KABUL (Pajhwok): The United Nations Assistance Mission in Afghanistan (UNAMA) has called upon the country’s de facto authorities to take immediate steps to end violence against women and the broader deterioration of women’s rights as a vital part of efforts to establish a meaningful and sustainable peace.
The world marks the International Day for the Elimination of Violence against Women and the start of the global 16 Days of Activism against gender-based violence.
Since the summer of 2021, women in Afghanistan have had many of their most fundamental rights restricted or rescinded in a country that has one of the highest rates of violence against women globally.
Afghan women have also experienced a marked deterioration in access to coordinated, comprehensive and quality services for survivors of gender-based violence. At the same time, the demand for those services is higher than ever before.
“The fundamental rights of Afghan women need to be protected and concrete steps need to be taken for an enabling environment which is free from all forms of violence,” said Roza Otunbayeva, the Secretary-General’s Special Representative for Afghanistan.
“Protecting the rights of women is a crucial factor for stability, prosperity and any lasting peace in Afghanistan” said Otunbayeva, who is also head of the UN Assistance Mission in Afghanistan (UNAMA).
The situation is exacerbated by a dire humanitarian and economic crisis, and the restrictions on women’s fundamental rights, including the freedom to move, work, seek education, and participate in public life.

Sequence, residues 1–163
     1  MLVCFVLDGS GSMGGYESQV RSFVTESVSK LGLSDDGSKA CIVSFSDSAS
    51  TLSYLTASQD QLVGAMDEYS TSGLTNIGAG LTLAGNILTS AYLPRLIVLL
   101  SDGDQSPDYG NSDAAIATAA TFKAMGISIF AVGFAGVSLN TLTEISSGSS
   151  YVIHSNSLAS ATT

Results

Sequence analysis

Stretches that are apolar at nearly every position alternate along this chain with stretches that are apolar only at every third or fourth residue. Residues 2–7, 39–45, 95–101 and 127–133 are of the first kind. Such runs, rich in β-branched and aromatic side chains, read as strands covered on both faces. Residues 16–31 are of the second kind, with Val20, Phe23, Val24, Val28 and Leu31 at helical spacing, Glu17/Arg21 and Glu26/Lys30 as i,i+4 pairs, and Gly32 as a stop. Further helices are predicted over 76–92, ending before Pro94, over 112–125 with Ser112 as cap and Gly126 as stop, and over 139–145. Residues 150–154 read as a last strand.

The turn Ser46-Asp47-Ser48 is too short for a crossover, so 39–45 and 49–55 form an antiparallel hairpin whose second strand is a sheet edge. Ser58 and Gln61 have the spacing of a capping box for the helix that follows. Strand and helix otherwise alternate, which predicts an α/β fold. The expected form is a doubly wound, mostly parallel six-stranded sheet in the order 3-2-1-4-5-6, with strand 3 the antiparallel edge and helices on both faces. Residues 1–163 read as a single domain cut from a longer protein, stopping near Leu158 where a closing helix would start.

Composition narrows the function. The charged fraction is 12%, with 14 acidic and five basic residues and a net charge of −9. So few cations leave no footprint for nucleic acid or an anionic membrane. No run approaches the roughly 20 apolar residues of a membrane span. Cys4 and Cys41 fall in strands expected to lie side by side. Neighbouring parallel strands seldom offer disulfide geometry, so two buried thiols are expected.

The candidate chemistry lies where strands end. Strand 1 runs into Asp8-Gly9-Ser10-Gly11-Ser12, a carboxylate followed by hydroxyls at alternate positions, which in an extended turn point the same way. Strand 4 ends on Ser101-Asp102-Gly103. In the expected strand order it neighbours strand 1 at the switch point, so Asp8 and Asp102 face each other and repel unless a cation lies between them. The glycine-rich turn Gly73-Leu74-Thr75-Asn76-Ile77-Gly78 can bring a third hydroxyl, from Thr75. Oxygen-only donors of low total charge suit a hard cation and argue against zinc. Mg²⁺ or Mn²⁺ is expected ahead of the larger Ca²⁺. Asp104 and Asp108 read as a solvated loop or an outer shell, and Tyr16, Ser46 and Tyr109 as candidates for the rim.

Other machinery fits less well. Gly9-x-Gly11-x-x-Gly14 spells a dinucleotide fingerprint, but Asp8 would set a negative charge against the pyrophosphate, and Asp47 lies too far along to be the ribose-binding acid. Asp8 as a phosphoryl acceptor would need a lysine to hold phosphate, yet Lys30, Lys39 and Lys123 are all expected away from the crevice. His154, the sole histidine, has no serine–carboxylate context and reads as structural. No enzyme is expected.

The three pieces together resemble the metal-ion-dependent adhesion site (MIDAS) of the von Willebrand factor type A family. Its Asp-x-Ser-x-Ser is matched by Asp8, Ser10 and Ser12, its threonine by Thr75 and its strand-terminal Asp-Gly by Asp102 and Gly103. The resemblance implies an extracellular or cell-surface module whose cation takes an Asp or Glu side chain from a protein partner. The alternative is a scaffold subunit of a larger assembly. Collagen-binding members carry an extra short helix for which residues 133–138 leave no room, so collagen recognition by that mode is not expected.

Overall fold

These factors have combined to reinforce some traditional social norms that condone the use of violence as a form of discipline and control, creating an environment where violence against women and girls is normalized.
In the absence of laws and policies that protect and promote gender equality and women’s rights, and the introduction of decrees and edicts that contribute to systematically erasing women from public and political life, the underlying social norms that perpetuate inequality have been emboldened.
“Each day we continue to see the normalization of violence against women and girls, in their homes, places where they are allowed to work, online, and in public spaces,” said Alison Davidian, UN Women’s Representative in Afghanistan.
“Globally we know it is impossible to create an environment where women and girls are free from violence without also having specific interventions to empower them, including initiatives to support their voice, agency and participation in the decisions affecting their lives.
We need to renew our efforts to invest in both the protection and empowerment of women and girls in Afghanistan.”
The UN in Afghanistan is working to address gender-based violence, including responding to the differentiated needs of vulnerable women and girls, amplifying the priorities and influence of women, direct support and funding to service providers and civil society organisations working to eliminate all forms of violence, prevention and response programmes, and advocacy with key national and international stakeholders.
The 16 Days of Activism against Gender-Based Violence is an annual international campaign that starts on 25 November and ends on 10 December, International Human Rights Day.
It calls for global action to increase awareness, strengthen advocacy efforts and share knowledge and innovations to end gender-based violence everywhere.
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